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dc.contributor.advisorMaharaj, Manoj Sewak.
dc.creatorParbanath, Steven.
dc.date.accessioned2013-10-01T09:25:20Z
dc.date.available2013-10-01T09:25:20Z
dc.date.created2011
dc.date.issued2011
dc.identifier.urihttp://hdl.handle.net/10413/9651
dc.descriptionThesis (M.Com.)-University of KwaZulu-Natal, Westville, 2011.en
dc.description.abstractEcommerce refers to the buying and selling of products and services electronically via the Internet and other computer networks (Electronic Commerce 2011). The critical components of ecommerce are a well designed website and a merchant account for payment by the customer (Ecommerce critical components 2008). Merchants that sell their products and services via the Internet have a competitive edge over those that do not. It is therefore becoming common practice for both small and large business to transact electronically. With the vast opportunities, new risks and vulnerabilities are introduced. Consumers are reluctant to transact electronically because of the fear of unauthorized access and interception of confidential information (Online Banking Concerns 2011). Other fears include the changing of data with malicious intent, denial of use, hacking, deliberate disclosure of confidential information and e-mail associated risks (Safeena, Abdulla & Date 2010). The use of technology such as encryption and decryption has not adequately addressed these problems because fraudsters have found new and sophisticated methods of attaining consumer information illegally. Phishing is one such method. Phishing results in identity theft and financial fraud when the fraudster tricks the online users into giving their confidential information like passwords, identity numbers, credit card number and personal information such as birthdates and maiden names. The fraudster will then use the information to impersonate the victim to transfer funds from the victim‟s account or use the victim‟s information to make purchases (Srivastava 2007). Since 2002, many laws passed in South Africa have attempted to allay fears so that consumers can conduct business electronically with confidence. The following legislation aims to protect consumers: - The Electronic Communications and Transactions Act (Republic of South Africa 2002). - The Consumer Protection Act (Republic of South Africa 2008). - The Protection of Personal Information Bill which is expected to be passed in 2011 (Republic of South Africa 2009). This research aims to examine the extent to which these legislation can address the security concerns of consumers. The researcher is also interested in ascertaining how knowledgeable consumers are on these legislation and what their attitudes are towards their personal information security.en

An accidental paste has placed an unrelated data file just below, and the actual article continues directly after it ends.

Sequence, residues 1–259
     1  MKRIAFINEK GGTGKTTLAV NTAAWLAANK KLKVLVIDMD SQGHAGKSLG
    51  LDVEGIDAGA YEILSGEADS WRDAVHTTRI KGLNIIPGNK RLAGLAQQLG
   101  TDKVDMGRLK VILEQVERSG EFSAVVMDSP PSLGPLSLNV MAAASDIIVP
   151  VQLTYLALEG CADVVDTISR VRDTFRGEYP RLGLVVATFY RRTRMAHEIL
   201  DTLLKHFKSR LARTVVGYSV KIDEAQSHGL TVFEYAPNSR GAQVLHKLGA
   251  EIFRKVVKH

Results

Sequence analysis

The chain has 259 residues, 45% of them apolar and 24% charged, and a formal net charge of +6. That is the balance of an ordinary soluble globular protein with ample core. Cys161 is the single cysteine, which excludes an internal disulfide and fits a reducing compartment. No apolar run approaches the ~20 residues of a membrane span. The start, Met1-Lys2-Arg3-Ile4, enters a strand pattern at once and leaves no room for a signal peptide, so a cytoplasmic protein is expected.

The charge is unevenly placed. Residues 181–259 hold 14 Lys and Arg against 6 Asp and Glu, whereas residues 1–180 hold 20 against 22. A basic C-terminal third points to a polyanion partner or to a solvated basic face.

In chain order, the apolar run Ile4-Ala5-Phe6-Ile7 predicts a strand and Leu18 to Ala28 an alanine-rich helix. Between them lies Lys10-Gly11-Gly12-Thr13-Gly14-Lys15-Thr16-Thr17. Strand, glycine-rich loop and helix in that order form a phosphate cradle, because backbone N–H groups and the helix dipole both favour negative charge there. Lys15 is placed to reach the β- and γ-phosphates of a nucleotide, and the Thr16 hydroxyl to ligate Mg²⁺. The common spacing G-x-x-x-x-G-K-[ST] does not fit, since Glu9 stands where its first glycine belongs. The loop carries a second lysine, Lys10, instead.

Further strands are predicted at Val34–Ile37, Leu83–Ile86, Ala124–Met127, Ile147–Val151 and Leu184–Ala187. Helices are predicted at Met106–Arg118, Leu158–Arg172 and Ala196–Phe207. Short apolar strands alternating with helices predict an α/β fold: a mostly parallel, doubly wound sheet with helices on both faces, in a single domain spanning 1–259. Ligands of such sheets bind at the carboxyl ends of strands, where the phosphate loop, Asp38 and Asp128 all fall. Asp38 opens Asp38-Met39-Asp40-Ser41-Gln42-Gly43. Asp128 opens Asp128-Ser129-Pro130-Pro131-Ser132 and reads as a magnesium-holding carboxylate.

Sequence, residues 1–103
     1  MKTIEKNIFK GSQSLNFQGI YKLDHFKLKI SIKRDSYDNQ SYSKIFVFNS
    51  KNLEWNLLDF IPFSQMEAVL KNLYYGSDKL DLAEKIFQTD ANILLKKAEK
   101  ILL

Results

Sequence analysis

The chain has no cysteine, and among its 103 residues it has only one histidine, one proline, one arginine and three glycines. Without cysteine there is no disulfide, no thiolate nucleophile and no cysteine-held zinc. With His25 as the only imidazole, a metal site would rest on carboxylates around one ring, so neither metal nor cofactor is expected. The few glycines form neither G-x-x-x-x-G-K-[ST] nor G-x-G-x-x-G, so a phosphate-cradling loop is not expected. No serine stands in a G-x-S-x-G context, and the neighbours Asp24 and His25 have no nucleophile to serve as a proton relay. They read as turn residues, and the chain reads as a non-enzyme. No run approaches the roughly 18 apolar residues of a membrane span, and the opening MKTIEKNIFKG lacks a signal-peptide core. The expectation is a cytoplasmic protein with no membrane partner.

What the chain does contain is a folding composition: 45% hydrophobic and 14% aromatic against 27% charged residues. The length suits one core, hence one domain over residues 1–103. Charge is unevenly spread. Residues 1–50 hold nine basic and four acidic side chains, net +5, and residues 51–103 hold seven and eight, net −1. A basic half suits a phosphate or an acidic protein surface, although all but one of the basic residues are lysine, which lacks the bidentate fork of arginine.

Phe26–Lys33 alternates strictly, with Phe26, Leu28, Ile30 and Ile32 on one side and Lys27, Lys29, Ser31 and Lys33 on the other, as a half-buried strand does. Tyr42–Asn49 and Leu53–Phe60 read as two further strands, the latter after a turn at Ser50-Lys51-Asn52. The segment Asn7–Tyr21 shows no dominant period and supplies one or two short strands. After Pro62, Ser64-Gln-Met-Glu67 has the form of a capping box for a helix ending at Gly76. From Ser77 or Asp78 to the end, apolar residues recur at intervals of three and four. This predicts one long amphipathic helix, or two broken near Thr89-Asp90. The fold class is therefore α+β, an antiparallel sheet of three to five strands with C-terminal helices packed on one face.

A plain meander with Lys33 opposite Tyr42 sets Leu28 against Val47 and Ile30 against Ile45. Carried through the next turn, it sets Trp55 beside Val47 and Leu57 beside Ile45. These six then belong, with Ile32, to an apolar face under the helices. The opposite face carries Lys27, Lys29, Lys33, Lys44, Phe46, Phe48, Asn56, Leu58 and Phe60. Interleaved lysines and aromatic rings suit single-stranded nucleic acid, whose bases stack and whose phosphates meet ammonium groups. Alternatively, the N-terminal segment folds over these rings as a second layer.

dc.language.isoen_ZAen
dc.subjectData protection.en
dc.subjectComputer security.en
dc.subjectComputer networks--Security measures.en
dc.subjectTheses--Management studies.en
dc.titlePersonal information security : legislation, awareness and attitude.en
dc.typeThesisen


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